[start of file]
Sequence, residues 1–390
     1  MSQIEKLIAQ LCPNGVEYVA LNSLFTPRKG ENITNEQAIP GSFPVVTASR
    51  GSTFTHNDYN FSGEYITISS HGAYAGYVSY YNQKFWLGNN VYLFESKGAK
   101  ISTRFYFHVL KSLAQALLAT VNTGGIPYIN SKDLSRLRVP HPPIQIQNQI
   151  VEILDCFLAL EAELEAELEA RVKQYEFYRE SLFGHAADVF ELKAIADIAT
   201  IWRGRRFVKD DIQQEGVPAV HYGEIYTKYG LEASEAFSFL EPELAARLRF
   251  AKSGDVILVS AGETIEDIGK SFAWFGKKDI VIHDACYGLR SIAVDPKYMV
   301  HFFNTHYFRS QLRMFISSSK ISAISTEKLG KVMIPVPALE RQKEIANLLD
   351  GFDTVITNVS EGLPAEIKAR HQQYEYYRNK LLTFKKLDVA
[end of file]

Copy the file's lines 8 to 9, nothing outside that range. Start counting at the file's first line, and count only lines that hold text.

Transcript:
   301  HFFNTHYFRS QLRMFISSSK ISAISTEKLG KVMIPVPALE RQKEIANLLD
   351  GFDTVITNVS EGLPAEIKAR HQQYEYYRNK LLTFKKLDVA